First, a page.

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Housing holds steady: multifamily leads the starts increase, and first-timers (with a boost from low interest rates) fuel demand.

The pace of economic growth faltered in late 1995. Weakness carried into the beginning of 1996, when the government shutdown and bad weather added to the problem.

Home building held up fairly well. Lower mortgage rates apparently offset the slowdown in employment growth, high consumer debt levels, and weak consumer confidence.

The picture of the economy and of home building is hazy, however, because the government didn't release the usual economic statistics. November 1995 housing starts estimates weren't released until January, a month behind schedule.

Single-family is flat. Those November figures showed total starts up 6 percent from October to a rate of 1.420 million, all due to a rebound in multifamily starts. Single-family starts were unchanged at 1.102 million.

NAHB's monthly builder survey showed essentially no change, after a drop in early November. The housing market index was at 51 in January - an insignificant change from 52 in December, but high compared with 38 a year earlier. So even with the slowdown from the strong third quarter of 1995, the first half of 1996 will likely be better than early 1995.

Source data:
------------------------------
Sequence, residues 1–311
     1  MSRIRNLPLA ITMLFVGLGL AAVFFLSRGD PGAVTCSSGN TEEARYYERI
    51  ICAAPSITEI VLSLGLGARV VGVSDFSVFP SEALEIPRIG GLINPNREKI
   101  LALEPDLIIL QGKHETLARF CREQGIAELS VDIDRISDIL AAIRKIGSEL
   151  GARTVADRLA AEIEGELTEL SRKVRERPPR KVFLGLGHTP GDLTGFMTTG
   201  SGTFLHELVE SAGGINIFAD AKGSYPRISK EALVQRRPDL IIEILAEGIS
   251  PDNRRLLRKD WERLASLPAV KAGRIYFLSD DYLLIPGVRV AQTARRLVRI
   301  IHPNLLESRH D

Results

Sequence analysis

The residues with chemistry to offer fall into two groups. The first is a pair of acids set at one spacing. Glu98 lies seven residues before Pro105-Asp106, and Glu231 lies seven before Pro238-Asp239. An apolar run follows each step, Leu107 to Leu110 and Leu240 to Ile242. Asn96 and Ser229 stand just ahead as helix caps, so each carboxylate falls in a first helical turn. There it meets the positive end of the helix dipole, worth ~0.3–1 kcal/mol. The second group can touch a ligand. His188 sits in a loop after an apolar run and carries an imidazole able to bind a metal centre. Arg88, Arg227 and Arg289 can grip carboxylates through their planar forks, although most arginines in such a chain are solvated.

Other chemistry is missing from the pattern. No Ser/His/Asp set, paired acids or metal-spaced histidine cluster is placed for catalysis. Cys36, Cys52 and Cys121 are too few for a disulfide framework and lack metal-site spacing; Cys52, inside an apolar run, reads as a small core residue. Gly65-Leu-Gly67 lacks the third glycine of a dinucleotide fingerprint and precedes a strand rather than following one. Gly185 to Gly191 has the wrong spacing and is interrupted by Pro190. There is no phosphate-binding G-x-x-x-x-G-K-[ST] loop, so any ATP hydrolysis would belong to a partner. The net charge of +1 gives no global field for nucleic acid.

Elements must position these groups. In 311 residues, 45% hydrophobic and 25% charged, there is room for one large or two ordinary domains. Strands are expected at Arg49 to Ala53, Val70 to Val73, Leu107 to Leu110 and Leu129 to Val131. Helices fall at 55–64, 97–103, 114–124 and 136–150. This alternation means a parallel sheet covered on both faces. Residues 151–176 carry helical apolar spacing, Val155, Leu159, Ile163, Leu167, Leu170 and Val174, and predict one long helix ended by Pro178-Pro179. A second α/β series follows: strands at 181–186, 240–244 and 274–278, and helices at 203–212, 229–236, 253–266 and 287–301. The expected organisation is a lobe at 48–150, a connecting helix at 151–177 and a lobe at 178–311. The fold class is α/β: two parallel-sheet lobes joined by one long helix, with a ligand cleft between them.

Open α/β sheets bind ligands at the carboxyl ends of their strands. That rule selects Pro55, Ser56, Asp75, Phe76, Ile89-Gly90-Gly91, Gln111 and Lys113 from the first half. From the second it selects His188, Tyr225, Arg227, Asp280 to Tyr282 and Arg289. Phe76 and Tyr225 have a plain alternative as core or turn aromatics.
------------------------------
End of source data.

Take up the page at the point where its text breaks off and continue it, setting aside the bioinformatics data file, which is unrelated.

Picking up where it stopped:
The survey revealed greater enthusiasm about current and prospective sales of townhouses. Respondents consistently are more favorable about the market for detached homes than the market for townhouses, and that's still true, but the number saying there's a good market for townhouses was much higher in the latest survey than it was a year earlier. And townhouses' share of starts increased in 1995, although they're still less than 10 percent of the single-family total.

First-timers in the driver's seat. Stronger town-house demand may come from first-time buyers taking advantage of low mortgage rates. The homeownership rate increased to 65.0 percent in the third quarter of 1995 from 64.1 percent a year earlier. That may not seem like a big change, but the rate had been stuck at about 64 percent since the mid-1980s, and a change of 0.9 percent means almost a million households (net) shifted from renting to owning.

More evidence of strong first-time buyer demand for new homes: a decline in the median size of new homes. That number had been increasing for many years, except during recessions, but the 1994 median of 1,940 square feet was not larger than in 1993, and partial data suggest the median for 1995 was even less.

Most new homes are sold to trade-up buyers, but with low mortgage rates, strong existing-home sales, and an aging population, trade-up demand should become an even greater share of the new-home market. Perhaps someone forgot to tell that to the middle-aged baby-boomers who seem to be holding back.

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Title Annotation:home building industry's 1995 statistics
Date:Feb 1, 1996
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